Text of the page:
Social homes on council land to cost €500,000 each to build

Work on 54 homes at St Teresa’s Gardens in Dublin’s inner city to start next month

The long-awaited construction of 54 social homes at St Teresa's Gardens in Dublin's southwest inner city is projected to cost €26.5 million, or almost €500,000 per home.

Dublin City Council in April 2013 announced plans to demolish 10 of the 12 flat blocks in the dilapidated 1950s complex, with a view to refurbishing two blocks to create 52 modern apartments, and building 50 more houses and apartments.

The development, which was to be the first phase in the construction of more than 500 homes, was expected to cost €15 million, of which €4-€6 million was to be spent on the demolition and refurbishment work.

Demolition began in February 2015 and the refurbishment of the two retained blocks was completed by the end of the year. Construction of the new homes had been due to start in November 2015.


In September 2016 the council said it expected to issue tenders to build the 50 homes by the end of the year. However, the following month hazardous waste, linked to a former fireworks factory on the site, was discovered. The project had to be postponed until the soil was decontaminated at an estimated cost of €500,000. In May 2017 the council said it expected construction of the new homes to start later that year.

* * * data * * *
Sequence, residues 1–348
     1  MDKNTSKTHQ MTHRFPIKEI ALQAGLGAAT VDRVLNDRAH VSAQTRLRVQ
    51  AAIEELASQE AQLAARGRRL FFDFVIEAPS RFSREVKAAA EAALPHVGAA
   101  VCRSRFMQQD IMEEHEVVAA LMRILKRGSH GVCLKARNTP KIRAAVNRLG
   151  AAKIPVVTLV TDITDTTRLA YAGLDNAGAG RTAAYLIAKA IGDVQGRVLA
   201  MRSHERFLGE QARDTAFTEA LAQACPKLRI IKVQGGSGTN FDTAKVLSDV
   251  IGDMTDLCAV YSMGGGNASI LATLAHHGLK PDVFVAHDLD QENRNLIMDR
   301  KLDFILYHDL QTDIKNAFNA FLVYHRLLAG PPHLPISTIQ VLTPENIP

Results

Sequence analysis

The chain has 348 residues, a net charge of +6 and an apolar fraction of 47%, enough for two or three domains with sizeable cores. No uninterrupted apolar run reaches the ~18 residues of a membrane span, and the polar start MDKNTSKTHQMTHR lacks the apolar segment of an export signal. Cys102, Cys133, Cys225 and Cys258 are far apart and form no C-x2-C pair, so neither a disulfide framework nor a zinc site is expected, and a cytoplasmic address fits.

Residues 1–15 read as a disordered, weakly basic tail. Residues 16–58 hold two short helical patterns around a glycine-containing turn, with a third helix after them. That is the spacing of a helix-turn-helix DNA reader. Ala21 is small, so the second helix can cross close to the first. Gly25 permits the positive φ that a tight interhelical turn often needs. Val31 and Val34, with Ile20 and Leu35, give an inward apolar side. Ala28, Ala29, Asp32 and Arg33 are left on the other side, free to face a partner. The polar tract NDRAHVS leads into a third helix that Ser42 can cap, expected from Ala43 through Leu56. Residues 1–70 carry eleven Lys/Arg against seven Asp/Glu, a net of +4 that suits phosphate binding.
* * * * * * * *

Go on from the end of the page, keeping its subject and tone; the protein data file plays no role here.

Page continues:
Tender process

Speaking at a St Teresa's Gardens regeneration board event on Thursday, Minister of State for Housing Damien English said he had intended to announce the start date for the construction, and the company that would be building the homes, but was unable to do so because the tender process had not been fully finalised.

However, he said an additional four homes would be built, bringing the total to 54 – eight one-bedroom, eight two-bedroom and 28 three-bedroom apartments and a terrace of 10 two-bedroom houses. The estimated cost, including the soil decontamination, was €26.5 million.

The contractual matters were close to completion and there was “no reason why we can’t be starting on site in October”, Mr English said. “We did try to have it [the announcement] done for today, but it just didn’t happen.”

The Government’s Rebuilding Ireland programme had put it on a strong footing to ensure housing was delivered for the residents of St Teresa’s Gardens, he said. “We are on a new road now, and new method of doing business, and a new way of getting things done.”

The council hopes to develop an “urban quarter” of 1,100 homes in the area, half of which would be at St Teresa’s Gardens, with the remainder on the Nama-controlled Player Wills and Bailey Gibson sites.

Olivia Kelly

Olivia Kelly

Olivia Kelly is Dublin Editor of The Irish Times